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It's a judgement call, depending on factors such as what happened with the infection, how long you had it for, what kind of symptoms you experienced, etc... but generally you should have a strong bias against ever trusting an installed operating system once it's been infected. Your safest course is usually to back up your data and re-install your system from ...


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If you're behind a firewall (common ISP router) don't worry, unless a NAT/PAT on that router no one reached you. Also, if with localhost you mean you binded it to localhost, only connections from the same machine could be happened. Don't worry anyway.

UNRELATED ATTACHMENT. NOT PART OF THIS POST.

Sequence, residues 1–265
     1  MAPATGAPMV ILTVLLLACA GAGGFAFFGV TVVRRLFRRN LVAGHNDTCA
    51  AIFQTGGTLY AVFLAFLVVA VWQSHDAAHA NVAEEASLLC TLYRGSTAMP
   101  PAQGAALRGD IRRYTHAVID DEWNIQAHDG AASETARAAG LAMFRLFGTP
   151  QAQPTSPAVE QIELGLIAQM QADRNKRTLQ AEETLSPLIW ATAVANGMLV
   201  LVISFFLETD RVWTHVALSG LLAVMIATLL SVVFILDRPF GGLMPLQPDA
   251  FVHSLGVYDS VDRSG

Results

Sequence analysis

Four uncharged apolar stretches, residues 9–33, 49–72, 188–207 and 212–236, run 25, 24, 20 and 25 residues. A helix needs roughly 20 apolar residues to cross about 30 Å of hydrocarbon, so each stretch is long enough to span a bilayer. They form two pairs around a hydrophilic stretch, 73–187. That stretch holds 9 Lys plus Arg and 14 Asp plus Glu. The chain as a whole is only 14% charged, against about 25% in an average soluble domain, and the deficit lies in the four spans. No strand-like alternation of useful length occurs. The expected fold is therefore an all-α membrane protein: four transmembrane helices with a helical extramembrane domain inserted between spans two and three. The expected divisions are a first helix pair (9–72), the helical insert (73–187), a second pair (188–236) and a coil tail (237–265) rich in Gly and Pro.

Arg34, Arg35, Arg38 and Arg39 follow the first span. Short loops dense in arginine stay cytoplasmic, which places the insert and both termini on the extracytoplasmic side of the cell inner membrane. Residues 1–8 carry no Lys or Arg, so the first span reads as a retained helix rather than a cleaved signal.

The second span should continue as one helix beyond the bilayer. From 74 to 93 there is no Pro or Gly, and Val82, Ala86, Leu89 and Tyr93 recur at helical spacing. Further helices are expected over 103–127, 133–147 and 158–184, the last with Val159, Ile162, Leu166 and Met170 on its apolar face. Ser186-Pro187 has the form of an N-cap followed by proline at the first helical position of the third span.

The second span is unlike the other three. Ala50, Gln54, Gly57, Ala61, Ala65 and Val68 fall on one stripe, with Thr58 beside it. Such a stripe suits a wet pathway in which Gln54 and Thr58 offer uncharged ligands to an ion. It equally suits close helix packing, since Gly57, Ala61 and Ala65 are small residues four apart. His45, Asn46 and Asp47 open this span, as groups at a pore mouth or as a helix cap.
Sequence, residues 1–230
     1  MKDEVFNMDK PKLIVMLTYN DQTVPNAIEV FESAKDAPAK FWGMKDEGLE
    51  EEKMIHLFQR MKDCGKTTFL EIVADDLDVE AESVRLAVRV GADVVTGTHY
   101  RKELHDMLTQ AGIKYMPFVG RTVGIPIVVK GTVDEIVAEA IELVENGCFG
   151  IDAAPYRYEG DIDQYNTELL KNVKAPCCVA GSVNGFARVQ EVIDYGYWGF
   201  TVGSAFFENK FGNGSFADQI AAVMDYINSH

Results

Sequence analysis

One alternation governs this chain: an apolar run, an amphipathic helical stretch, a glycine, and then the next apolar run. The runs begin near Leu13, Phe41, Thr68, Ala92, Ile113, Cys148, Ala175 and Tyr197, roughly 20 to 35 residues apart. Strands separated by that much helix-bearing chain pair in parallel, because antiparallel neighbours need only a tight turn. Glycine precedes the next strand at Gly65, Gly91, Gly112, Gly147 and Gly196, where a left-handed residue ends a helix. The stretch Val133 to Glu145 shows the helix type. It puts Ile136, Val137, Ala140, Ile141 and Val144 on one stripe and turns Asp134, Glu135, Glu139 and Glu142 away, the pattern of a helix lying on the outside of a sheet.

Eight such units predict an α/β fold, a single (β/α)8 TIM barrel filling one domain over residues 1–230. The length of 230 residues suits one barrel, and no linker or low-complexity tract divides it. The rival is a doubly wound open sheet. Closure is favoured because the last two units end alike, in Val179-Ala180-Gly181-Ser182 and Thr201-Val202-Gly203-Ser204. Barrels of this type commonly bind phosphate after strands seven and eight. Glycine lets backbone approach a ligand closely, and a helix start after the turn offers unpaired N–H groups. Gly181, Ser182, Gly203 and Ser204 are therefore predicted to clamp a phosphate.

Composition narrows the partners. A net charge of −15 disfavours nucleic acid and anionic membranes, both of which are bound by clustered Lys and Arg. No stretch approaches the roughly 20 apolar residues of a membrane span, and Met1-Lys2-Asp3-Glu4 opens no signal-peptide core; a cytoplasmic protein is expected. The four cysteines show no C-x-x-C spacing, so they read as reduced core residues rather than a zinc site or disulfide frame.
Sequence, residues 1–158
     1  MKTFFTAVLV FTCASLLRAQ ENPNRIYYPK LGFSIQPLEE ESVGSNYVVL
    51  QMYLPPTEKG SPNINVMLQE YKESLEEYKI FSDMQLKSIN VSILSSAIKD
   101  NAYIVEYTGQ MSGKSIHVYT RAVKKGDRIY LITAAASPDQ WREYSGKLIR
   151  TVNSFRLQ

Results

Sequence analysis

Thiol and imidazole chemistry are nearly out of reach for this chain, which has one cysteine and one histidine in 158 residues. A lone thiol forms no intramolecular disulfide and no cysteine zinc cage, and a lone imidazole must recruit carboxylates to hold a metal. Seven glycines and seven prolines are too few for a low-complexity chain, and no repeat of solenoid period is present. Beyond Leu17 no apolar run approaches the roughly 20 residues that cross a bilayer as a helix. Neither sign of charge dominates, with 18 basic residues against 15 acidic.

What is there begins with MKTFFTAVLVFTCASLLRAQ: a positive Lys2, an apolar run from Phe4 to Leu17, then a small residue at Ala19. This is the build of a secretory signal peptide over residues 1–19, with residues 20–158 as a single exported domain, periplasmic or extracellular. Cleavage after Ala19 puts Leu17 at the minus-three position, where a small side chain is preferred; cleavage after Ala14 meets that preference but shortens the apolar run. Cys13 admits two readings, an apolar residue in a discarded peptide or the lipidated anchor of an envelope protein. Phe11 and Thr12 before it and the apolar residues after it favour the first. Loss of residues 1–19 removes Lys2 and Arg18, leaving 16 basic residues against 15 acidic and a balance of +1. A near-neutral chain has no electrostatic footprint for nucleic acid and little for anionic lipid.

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I don't own one personally, but the gist of how it works is clear. The system acts as a black box, a network infusion detector and a central hub for communication between PCs. A black box (or honey pot) is a device usually connected to a network that passively waits for connections to its systems. A normal user would never usually access the box, but ...


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If you know a PC is infected, but don't know how the malware operates that has infected it, you need to assume the removable media will also become infected once you attach it to the infected PC, unless you can write-protect the media. Some malware will confine itself to just the boot partition of a system. Other malware will look for removable media to ...


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To put it simple: only a SD card with a hardware write-protection switch, connected through a USB card reader, will be safe. All other devices such as harddisk are at risk to be infected of erased since the virus can remove any write protection on file system.



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